Meaning : The state tax regulation requires ("Subjunctive" as well as "to+verb" - usage correct with "Require") that CA's receive some income (80%) from x and no more (equal to) 20% from Y. This Y is being compared with ground floor rent for restaurants.

A - Looks fine

B - No verb (Requiring is not a verb). Such as used as examples for sources of income for CA - Wrong

C - Wrong usage of Such as

D - Wrong usage of Such as

E - to+verb = shows some kind of motive. The motive is of the "Regulation" that requires CAs to receive funds ina certain manner.

A - more concise and clear.



For the highlighted part: I feel that comparison is between X and other sources & not ground floor rent. "ground-floor rent for restaurants" is an example of such a source. Introducing example require such as.

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Re: Until 2010, a state tax regulation known as the 80-20 rule [#permalink]

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New post 28 Nov 2016, 21:19
sayantanc2k wrote:
hatemnag wrote:
please guys revise the source of this question. OA is A but many people disagree with like usage.
if it used for comparison, it should be : ' , income like ground-floor rent for restaurants.'
Gmat doesn't input ambiguous statements in SC question as It does in Math questions since Gmat verbal calls for simplicity and clarity of sentences not ambiguity.
Any way, I doubt this question and am quite confused.
please verbal experts, your inputs here will be highly appreciated.
thanks


It depends on whether the meaning intended is introducing example or comparing. Here introducing example is a better fit. Hence "such as" should have been used. Such a question is probably not expected in the real test.

(What is the problem with the source - is it not Veritas prep?)


even if it is Veritas prep, it wouldn't appear in the real test.
such question is not out of scope.

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Re: Until 2010, a state tax regulation known as the 80-20 rule [#permalink]

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New post 06 Jan 2017, 23:03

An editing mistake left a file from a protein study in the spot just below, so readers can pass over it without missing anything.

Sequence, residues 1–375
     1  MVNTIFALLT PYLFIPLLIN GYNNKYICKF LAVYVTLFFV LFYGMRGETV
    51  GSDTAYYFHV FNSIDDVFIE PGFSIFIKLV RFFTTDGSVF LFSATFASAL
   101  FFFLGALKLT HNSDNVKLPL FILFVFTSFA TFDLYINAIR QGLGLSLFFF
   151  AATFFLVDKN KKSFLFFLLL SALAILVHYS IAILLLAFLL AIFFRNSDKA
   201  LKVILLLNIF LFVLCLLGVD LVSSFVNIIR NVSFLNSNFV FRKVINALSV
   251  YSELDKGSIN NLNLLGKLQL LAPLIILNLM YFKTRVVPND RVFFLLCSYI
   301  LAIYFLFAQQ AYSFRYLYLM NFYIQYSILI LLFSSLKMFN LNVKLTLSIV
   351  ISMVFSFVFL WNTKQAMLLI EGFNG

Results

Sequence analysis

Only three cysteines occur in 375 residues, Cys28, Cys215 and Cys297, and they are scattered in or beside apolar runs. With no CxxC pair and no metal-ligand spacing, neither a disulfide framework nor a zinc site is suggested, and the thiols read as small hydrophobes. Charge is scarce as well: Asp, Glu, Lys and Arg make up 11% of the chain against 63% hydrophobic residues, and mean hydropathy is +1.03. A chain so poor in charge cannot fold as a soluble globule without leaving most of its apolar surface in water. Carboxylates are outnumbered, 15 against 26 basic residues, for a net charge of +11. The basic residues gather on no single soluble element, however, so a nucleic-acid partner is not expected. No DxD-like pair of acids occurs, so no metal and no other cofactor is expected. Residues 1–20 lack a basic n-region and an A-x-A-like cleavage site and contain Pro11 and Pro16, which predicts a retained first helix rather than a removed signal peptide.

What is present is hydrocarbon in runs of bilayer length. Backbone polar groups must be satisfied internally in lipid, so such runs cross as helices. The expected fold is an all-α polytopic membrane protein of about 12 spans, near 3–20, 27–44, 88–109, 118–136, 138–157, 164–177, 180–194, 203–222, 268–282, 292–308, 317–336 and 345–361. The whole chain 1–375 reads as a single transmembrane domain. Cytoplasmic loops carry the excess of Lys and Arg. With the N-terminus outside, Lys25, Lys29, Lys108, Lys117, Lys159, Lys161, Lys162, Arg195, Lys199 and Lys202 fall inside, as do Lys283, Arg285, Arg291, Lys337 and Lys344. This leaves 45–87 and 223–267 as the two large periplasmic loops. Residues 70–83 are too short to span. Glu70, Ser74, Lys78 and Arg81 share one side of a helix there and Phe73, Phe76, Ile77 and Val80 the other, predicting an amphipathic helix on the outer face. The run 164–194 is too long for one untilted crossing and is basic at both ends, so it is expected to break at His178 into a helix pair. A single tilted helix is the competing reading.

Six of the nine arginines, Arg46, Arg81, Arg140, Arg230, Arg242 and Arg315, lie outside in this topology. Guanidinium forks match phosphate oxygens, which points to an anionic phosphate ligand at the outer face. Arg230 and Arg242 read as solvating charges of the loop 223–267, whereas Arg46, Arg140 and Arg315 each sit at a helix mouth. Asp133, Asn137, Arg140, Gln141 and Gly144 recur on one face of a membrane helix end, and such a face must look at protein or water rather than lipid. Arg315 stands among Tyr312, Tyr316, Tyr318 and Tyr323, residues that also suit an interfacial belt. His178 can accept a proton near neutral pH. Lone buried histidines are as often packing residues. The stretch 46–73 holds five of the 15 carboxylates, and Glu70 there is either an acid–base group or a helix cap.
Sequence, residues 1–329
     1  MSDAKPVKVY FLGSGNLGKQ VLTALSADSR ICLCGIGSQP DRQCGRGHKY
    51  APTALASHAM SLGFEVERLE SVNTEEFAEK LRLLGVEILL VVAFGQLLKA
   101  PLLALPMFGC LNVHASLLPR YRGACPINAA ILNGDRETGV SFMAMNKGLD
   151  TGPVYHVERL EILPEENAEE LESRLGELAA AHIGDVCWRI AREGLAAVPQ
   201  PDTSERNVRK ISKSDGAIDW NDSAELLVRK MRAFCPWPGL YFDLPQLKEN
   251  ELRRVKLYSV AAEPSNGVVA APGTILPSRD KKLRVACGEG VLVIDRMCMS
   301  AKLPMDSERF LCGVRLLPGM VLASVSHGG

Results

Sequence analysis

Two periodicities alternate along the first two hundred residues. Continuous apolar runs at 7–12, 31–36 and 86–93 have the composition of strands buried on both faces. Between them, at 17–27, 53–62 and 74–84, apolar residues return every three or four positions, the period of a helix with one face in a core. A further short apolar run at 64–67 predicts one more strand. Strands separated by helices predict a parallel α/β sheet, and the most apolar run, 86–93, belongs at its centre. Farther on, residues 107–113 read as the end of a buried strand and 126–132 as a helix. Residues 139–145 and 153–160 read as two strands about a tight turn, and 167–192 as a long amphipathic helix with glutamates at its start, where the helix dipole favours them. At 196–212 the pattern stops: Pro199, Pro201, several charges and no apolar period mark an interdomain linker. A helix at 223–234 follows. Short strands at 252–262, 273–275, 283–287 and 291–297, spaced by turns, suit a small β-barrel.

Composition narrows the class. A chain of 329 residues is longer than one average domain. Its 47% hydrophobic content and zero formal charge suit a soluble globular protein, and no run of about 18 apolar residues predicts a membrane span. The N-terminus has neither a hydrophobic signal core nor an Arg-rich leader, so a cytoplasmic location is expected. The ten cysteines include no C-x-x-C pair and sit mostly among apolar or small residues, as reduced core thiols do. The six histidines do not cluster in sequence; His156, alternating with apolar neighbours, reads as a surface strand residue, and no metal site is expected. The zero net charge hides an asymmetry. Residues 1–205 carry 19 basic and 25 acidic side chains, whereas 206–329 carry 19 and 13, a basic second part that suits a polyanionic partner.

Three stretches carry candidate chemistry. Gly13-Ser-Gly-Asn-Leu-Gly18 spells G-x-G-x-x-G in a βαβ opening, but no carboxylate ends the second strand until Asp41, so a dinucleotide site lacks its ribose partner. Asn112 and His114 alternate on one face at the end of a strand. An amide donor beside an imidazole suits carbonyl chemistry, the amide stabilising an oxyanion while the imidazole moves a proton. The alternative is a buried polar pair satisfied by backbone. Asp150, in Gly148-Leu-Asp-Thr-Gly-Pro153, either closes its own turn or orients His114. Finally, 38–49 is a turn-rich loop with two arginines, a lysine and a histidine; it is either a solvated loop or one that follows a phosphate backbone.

IMO : its D
Corrects parallelism(required to recieve .. and have.. i don't think its proper so eliminated C ) and such as - used for examples .

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Re: Until 2010, a state tax regulation known as the 80-20 rule [#permalink]

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New post 13 Mar 2017, 09:31
Hi sayantanc2k,

Can you please confirm what should be the answer for this question? I my opinion answer should be D and not A atleast.

Also, I donot find any error with C also. I believe both 'require that' and 'require to' are correct.

Please help!!
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Until 2010, a state tax regulation known as the 80-20 rule [#permalink]

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New post 20 Aug 2017, 17:32
Quote:
A) Until 2010, a state tax regulation known as the “80-20 rule” required that condominium associations receive at least 80 percent of their gross income from their tenant-shareholders, and no more than 20 percent from other sources, like ground-floor rent for restaurants.

HumptyDumpty wrote:
The comma before ", and" is also correctly placed, as a comma between two long parallel clauses should be (also before the coordinating conjunction and!).
A is the best answer choice, though hellishly convoluted. Perhaps we all fell victims to the inflexible way of thinking, putting an obtuse grammar rule way above... thinking :).

Could someone go into more detail explaining this comma? Thanks!!

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Until 2010, a state tax regulation known as the 80-20 rule   [#permalink] 20 Aug 2017, 17:32